impact of a drug on a variety of parameters--such as lifestyle, work style, and personal and quality-of-life outcomes--has become an important component for characterizing the effects of a drug. Recently, Burke 1 has characterized and described these types of claims as patient-reported outcome (PRO) claims.
||t is now well recognized that the effects of prescription drugs can be characterized by more than traditional safety and efficacy parameters. Although clinically meaningful end points are needed to understand a drug's usefulness and benefit as a safe and effective therapy, the
To make PRO claims in advertising and labeling, pharmaceutical companies and the Food and Drug Administration (FDA) must decide if the claims are truthful, i.e., not false or misleading. This is the standard specified in the Food, Drug and Cosmetic (FD&C) Act that ensures that pharmaceutical products are not misbranded and that the company does not violate the law. As a matter of regulation, the FDA has long maintained that advertising claims must be consistent with the approved product label or sufficiently substantiated by additional data. The nature and extent of these additional data, however, have been a matter of debate.
In papers and presentations, experts in the field of outcomes assessment have suggested a variety of methodological stipulations to assure that rigorous standards are applied to support quality of life and similar claims 2. In addition, statements by FDA officials in regulatory letters (see below) and in presentations 3 make it clear that the FDA uses rigorous standards for promotional review. Unfortunately, meeting such standards incurs considerable time and expense on behalf of companies attempting to support such promotional efforts.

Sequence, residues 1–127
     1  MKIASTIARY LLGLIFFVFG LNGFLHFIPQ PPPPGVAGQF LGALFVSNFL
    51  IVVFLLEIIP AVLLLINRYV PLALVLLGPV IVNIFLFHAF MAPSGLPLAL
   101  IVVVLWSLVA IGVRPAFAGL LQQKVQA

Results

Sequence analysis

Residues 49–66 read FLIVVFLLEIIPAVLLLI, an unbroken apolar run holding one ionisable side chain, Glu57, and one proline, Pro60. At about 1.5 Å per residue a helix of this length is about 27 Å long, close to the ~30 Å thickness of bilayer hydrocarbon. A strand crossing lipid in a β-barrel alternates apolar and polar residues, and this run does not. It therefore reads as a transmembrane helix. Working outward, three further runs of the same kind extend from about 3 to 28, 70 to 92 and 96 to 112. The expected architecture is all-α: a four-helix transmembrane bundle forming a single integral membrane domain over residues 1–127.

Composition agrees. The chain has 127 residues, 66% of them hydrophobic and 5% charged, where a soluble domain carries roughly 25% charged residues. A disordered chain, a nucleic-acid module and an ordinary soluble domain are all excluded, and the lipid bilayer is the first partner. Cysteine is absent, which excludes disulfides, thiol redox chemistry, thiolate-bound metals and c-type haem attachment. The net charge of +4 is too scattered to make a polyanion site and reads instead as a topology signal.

Further, as with economic claims, one may question "how much" support is actually necessary. If a drug has been demonstrated to be safe and effective on primary efficacy measures that are described in the product's indications, what is the nature and amount of additional evidence needed to demonstrate support for claims that are logically consistent with the clinically meaningful outcomes noted as the product's indications? As discussed below, the FDA's initial response to this question seems to be that considerable evidence is required.
We argue that a more variable standard should be applied to the regulation of PRO claims. This standard should be based on the degree to which PRO claims make representations about new uses for a product or merely generalize established clinical effects into additional areas of functioning. We believe that such a variable standard is consistent with the recent congressional mandate regarding flexible substantiation for health-economic (HE) claims as well as with the FDA's own internal standards for product labels.